March 11, 2010
Last year, the school’s board of trustees was criticised by the Ministry of Health for publishing an article in the school newsletter on the supposed pitfalls of the Gardasil human papillomavirus (HPV) vaccine, which aims to protect girls from the age of 12 against cervical cancer.
However, the school still allowed the vaccine to be administered.
But this year the school will not and refuses to say why.
West Coast District Health Board HPV project co-ordinator Lynda Driver said she understood the issue had been “hotly contested” among the board members.
However, its final decision had been to wipe its hands of the immunisation.
She said it was worrying that the move had not been discussed more within the school community, and hoped it would not affect the programme, which would now be run independently over the rest of the month by the district health board.
“We want the programme to go ahead, so our main concern is getting these girls vaccinated in a safe environment, and that’s what we intend to go ahead and do,” Ms Driver said.
Last year, just before the vaccination programme was set to begin, the school published an article entitled “What your DHB didn’t tell you about HPV” in the newsletter, claiming that young women who got the vaccine were “guinea pigs”.
Other allegations included that the vaccine was made from genetically modified baker’s yeast.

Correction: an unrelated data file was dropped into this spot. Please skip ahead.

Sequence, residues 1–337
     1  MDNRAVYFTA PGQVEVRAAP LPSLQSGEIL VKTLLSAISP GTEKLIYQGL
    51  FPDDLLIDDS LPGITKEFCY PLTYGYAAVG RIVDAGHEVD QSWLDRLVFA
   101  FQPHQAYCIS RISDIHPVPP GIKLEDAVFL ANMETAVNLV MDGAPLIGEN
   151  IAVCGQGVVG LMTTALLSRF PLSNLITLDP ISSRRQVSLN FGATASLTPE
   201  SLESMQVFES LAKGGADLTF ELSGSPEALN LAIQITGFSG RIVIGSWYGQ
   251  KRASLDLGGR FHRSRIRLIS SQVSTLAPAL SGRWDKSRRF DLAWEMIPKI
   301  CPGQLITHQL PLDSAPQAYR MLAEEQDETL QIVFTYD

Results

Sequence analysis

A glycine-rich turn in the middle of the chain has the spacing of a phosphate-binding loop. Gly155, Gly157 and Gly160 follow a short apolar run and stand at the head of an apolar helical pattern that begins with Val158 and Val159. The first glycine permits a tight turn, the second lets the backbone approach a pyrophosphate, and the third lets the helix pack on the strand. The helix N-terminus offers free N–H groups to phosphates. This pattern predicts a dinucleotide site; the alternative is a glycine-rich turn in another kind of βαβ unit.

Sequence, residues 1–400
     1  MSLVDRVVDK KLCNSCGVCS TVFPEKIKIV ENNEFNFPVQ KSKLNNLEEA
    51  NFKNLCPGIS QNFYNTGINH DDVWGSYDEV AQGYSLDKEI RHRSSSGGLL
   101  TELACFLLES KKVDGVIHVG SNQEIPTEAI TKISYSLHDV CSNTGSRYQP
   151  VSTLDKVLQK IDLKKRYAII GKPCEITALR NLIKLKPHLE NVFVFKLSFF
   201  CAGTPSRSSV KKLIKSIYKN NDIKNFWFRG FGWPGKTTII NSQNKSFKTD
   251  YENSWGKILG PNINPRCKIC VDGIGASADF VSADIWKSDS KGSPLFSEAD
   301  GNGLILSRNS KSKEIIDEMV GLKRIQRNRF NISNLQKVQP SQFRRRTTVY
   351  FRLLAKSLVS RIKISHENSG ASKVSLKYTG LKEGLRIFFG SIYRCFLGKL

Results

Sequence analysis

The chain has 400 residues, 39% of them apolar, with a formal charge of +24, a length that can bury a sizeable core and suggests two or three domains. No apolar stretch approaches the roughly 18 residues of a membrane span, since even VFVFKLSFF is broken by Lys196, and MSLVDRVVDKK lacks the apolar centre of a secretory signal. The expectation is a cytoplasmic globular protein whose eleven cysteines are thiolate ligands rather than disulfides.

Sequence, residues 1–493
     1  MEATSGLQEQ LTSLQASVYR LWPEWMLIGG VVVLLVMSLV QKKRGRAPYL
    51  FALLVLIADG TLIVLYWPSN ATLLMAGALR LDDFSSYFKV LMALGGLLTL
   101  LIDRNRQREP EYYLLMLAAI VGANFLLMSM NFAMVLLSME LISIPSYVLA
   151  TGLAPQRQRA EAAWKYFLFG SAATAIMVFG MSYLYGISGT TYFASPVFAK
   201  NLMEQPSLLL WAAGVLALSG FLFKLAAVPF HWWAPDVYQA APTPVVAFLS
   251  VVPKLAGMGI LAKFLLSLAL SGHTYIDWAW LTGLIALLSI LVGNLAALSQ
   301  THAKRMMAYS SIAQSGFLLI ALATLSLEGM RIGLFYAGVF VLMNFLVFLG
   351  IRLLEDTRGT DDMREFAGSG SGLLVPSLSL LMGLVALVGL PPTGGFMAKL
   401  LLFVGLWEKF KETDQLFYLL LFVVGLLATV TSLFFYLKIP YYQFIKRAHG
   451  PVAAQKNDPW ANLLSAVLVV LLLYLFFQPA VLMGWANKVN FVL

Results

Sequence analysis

Board of trustees chairwoman Jane Neale said at the time it was a board decision to inform parents of both sides of the vaccine, and stood by the decision.
That was despite criticism from the Ministry of Health that the school advice was misleading and trying to discredit an immunisation campaign that offered considerable benefits to New Zealand women and girls by preventing the infection – spread through sexual activity and the known cause of 70 percent of cervical cancer and 90 percent of genital warts.
Mrs Neale said the media was not the place to talk about the school’s decision but that the board had decided it would be “more appropriate” to have the vaccine administered elsewhere.
It was happy to pass on information about the new DHB vaccination clinics, she said.
Principal Tony Guilliland declined to comment.
The school’s decision comes only days after Wellington woman Rhonda Renata publicly blamed the Gardasil vaccine for the death of her 18-year-old daughter last year.